Group members:

Alexander Keller - PI (photo),

Birte PetersPaul Gaube

Group description:

Our research projects focus on a combination of field ecology with bioinformatics and new sequencing technologies. Conceptually, we are interested in patterns and structuring forces of communities, where organisms are not easily identifiable or distinguishable from each other. This interest applies to various levels, starting with abundance and diversity of taxa, over phylogenetic reconstructions, towards environmental and spatial influences and lastly regarding organisms' molecular interactions with each other on a genomic level. Methodologically, the workgroup is developing computational workflows and databases as well as laboratory protocols to analyse ecological samples with next-generation sequencing technologies. Biologically, the focus of current projects is the dynamics of bacteria-host associations in changing environments.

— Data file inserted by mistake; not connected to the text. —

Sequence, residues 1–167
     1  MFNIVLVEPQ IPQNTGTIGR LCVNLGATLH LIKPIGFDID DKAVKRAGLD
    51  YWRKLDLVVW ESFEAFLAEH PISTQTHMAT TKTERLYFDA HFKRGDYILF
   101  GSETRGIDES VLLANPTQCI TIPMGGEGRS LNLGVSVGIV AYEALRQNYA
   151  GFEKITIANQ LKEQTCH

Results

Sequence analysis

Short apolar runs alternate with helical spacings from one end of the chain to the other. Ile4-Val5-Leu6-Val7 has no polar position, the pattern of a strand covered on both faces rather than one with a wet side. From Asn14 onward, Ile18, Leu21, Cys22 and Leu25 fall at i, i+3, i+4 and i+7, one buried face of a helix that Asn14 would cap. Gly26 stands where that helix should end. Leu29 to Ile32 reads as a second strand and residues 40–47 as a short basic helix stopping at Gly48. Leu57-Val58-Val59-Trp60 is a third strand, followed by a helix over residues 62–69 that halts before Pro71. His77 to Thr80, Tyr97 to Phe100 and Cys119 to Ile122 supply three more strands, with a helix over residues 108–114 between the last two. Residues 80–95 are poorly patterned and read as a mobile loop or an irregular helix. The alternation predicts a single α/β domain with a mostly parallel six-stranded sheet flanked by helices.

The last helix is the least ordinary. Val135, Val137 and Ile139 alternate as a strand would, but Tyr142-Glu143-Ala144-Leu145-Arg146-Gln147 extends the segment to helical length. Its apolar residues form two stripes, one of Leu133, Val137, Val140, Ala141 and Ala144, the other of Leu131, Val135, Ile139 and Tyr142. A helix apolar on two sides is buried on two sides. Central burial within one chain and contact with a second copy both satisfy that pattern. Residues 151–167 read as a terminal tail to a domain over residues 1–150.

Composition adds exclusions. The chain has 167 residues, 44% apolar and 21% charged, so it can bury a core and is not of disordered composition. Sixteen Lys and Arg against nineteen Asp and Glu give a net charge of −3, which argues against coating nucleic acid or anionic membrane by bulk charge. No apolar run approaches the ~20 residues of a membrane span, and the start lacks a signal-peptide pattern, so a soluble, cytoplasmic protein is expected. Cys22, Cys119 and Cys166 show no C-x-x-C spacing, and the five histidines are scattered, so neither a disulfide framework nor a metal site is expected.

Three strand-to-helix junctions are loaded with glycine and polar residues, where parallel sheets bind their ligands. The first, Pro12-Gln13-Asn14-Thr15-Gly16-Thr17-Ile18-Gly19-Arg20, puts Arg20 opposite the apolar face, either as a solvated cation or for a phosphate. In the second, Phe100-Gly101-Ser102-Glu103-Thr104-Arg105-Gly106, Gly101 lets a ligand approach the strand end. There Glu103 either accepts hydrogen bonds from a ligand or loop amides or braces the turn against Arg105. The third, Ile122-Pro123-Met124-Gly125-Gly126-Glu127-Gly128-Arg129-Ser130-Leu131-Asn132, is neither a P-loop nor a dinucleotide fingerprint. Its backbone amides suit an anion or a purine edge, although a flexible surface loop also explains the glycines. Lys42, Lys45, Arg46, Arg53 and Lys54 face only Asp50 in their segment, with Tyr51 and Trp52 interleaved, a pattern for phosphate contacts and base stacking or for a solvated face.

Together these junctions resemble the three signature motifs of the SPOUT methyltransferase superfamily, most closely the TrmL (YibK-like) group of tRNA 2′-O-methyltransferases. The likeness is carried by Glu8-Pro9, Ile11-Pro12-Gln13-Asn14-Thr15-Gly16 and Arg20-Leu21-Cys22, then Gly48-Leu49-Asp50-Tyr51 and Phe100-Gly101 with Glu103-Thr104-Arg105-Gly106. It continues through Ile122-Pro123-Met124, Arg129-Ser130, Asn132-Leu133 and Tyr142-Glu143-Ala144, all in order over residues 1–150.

Group websiteGerman flag and the logo of the University of Würzburg, Germany.

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Partner 3: Alexandra Maria Klein - University of Freiburg, Germany

Chair of Nature Conservation and Landscape Ecology, University of Freiburg

Chair of Nature Conservation and Landscape Ecology, University of Freiburg

Group members:

Alexandra Maria Klein - PI (photo),

Dimitry Wintermantel

Group description: